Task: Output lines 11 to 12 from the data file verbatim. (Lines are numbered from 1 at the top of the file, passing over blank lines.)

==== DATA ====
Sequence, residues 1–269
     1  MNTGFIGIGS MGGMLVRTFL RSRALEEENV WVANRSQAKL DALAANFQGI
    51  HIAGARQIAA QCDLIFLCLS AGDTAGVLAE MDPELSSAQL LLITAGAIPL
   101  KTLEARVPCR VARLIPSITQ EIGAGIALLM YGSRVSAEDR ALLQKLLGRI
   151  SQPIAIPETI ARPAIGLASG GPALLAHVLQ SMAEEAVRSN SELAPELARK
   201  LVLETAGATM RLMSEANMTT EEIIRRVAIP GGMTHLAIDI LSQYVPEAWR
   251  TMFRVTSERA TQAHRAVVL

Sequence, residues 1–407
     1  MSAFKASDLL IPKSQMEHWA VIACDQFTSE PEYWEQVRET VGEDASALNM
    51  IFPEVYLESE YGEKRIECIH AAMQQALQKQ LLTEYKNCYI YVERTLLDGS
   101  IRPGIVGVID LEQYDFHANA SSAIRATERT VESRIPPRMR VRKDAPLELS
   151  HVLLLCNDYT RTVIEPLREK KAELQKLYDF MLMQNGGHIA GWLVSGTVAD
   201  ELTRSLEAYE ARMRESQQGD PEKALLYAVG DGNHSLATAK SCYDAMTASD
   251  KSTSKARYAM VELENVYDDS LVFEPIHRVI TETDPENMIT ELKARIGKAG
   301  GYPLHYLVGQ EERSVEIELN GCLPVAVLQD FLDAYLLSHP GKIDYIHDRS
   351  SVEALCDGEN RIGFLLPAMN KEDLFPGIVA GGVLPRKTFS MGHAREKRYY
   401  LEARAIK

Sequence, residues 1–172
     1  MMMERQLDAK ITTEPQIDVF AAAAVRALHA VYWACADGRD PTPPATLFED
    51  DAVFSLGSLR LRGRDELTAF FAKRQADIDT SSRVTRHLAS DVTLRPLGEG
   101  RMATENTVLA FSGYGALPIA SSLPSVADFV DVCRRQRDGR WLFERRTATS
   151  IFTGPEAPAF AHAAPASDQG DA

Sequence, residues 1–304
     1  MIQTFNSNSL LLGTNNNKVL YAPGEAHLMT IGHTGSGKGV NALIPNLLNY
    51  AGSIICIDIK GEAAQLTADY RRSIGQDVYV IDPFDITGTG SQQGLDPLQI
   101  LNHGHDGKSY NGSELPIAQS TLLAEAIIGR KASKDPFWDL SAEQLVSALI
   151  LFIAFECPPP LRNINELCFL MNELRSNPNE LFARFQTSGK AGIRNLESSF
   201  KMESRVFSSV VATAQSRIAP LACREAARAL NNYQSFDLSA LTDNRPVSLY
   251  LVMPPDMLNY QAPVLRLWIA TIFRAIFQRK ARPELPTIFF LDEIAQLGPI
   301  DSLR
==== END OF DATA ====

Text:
   101  IRPGIVGVID LEQYDFHANA SSAIRATERT VESRIPPRMR VRKDAPLELS
   151  HVLLLCNDYT RTVIEPLREK KAELQKLYDF MLMQNGGHIA GWLVSGTVAD